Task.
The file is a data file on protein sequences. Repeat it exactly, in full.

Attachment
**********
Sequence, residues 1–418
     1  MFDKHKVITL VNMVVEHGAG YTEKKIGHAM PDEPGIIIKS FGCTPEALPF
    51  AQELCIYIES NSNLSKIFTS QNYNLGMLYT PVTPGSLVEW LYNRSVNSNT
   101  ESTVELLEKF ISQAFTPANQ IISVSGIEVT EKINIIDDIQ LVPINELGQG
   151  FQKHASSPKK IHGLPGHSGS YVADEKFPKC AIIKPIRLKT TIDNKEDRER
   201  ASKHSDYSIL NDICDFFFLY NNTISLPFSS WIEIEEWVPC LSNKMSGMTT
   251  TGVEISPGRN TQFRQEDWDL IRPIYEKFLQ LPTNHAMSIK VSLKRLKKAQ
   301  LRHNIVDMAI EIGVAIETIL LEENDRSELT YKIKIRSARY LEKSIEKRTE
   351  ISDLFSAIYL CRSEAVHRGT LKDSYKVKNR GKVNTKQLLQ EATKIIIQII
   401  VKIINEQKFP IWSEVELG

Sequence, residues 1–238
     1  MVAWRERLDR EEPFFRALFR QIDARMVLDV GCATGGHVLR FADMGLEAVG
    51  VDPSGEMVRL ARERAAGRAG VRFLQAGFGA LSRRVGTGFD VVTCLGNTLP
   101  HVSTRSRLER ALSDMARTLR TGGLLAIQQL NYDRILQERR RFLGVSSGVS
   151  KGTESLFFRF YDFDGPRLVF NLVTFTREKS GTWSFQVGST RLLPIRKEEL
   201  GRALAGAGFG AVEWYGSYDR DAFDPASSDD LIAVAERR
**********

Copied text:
Sequence, residues 1–418
     1  MFDKHKVITL VNMVVEHGAG YTEKKIGHAM PDEPGIIIKS FGCTPEALPF
    51  AQELCIYIES NSNLSKIFTS QNYNLGMLYT PVTPGSLVEW LYNRSVNSNT
   101  ESTVELLEKF ISQAFTPANQ IISVSGIEVT EKINIIDDIQ LVPINELGQG
   151  FQKHASSPKK IHGLPGHSGS YVADEKFPKC AIIKPIRLKT TIDNKEDRER
   201  ASKHSDYSIL NDICDFFFLY NNTISLPFSS WIEIEEWVPC LSNKMSGMTT
   251  TGVEISPGRN TQFRQEDWDL IRPIYEKFLQ LPTNHAMSIK VSLKRLKKAQ
   301  LRHNIVDMAI EIGVAIETIL LEENDRSELT YKIKIRSARY LEKSIEKRTE
   351  ISDLFSAIYL CRSEAVHRGT LKDSYKVKNR GKVNTKQLLQ EATKIIIQII
   401  VKIINEQKFP IWSEVELG

Sequence, residues 1–238
     1  MVAWRERLDR EEPFFRALFR QIDARMVLDV GCATGGHVLR FADMGLEAVG
    51  VDPSGEMVRL ARERAAGRAG VRFLQAGFGA LSRRVGTGFD VVTCLGNTLP
   101  HVSTRSRLER ALSDMARTLR TGGLLAIQQL NYDRILQERR RFLGVSSGVS
   151  KGTESLFFRF YDFDGPRLVF NLVTFTREKS GTWSFQVGST RLLPIRKEEL
   201  GRALAGAGFG AVEWYGSYDR DAFDPASSDD LIAVAERR